Adafruit 16-Channel PWM/Servo Driver - I2C
16-Channel 12-bit PWM/Servo Driver with I2C interface
You want to make a cool robot, maybe a hexapod walker, or maybe just a piece of art with a lot of moving parts. Or maybe you want to drive a lot of LEDs with precise PWM output. Then you realise that your microcontroller has a limited number of PWM outputs! What now? You could give up OR you could just get this handy PWM and Servo driver breakout.
Using only two pins, control 16 free-running PWM outputs! You can even chain up 62 breakouts to control up to 992 PWM outputs.
- It's an i2c-controlled PWM driver with a built in clock. That means that, unlike the TLC5940 family, you do not need to continuously send it signal tying up your microcontroller, its completely free running!
- It is 5V compliant, which means you can control it from a 3.3V microcontroller and still safely drive up to 6V outputs (this is good for when you want to control white or blue LEDs with 3.4+ forward voltages)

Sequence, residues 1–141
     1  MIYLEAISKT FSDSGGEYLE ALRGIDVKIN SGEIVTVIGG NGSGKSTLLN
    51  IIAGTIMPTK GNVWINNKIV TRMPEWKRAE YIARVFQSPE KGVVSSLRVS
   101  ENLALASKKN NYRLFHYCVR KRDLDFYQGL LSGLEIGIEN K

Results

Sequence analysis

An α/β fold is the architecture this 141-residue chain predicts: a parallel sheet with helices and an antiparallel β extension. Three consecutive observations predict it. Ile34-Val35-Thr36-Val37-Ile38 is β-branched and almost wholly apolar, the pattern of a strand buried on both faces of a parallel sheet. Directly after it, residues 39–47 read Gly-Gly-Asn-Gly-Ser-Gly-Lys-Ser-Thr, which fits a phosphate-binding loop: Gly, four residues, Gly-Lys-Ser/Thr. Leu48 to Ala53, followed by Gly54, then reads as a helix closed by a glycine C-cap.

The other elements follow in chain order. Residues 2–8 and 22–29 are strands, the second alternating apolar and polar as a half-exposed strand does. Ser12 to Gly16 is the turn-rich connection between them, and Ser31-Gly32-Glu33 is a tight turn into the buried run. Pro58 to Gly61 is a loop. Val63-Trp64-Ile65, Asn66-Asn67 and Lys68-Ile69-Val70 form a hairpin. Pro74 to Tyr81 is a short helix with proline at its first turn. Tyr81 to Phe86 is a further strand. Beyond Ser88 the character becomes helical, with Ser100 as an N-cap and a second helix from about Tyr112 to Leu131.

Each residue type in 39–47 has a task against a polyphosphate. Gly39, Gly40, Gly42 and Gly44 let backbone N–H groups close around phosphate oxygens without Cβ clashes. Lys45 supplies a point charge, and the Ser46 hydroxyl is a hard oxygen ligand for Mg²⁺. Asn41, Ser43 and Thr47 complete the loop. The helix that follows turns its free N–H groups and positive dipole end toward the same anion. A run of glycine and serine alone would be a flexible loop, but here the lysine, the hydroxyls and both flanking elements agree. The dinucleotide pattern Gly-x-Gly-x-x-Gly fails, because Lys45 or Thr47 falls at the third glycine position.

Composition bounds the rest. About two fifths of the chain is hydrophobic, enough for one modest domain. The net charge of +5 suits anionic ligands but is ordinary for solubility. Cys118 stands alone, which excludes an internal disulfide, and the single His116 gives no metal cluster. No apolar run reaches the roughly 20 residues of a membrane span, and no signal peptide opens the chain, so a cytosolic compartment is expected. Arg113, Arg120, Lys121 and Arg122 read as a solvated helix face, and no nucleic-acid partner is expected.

- 6 address select pins so you can wire up to 62 of these on a single i2c bus, a total of 992 outputs - that's a lot of servos or LEDs
- Adjustable frequency PWM up to about 1.6 KHz
- 12-bit resolution for each output - for servos, that means about 4us resolution at 60Hz update rate
- Configurable push-pull or open-drain output
- Output enable pin to quickly disable all the outputs
We wrapped up this lovely chip into a breakout board with a couple nice extras
- Terminal block for power input (or you can use the 0.1" breakouts on the side)
- Reverse polarity protection on the terminal block input
- Green power-good LED
- 3 pin connectors in groups of 4 so you can plug in 16 servos at once (Servo plugs are slightly wider than 0.1" so you can only stack 4 next to each other on 0.1" header
- "Chain-able" design
- A spot to place a big capacitor on the V+ line (in case you need it)
- 220 ohm series resistors on all the output lines to protect them, and to make driving LEDs trivial
- Solder jumpers for the 6 address select pins
This product comes with a fully tested and assembled breakout as well as 4 pieces of 3x4 male straight header (for servo/LED plugs), a 2-pin terminal block (for power) and a piece of 6-pin 0.1" header (to plug into a breadboard). A little light soldering will be required to assemble and customize the board by attaching the desired headers but it is a 15 minute task that even a beginner can do.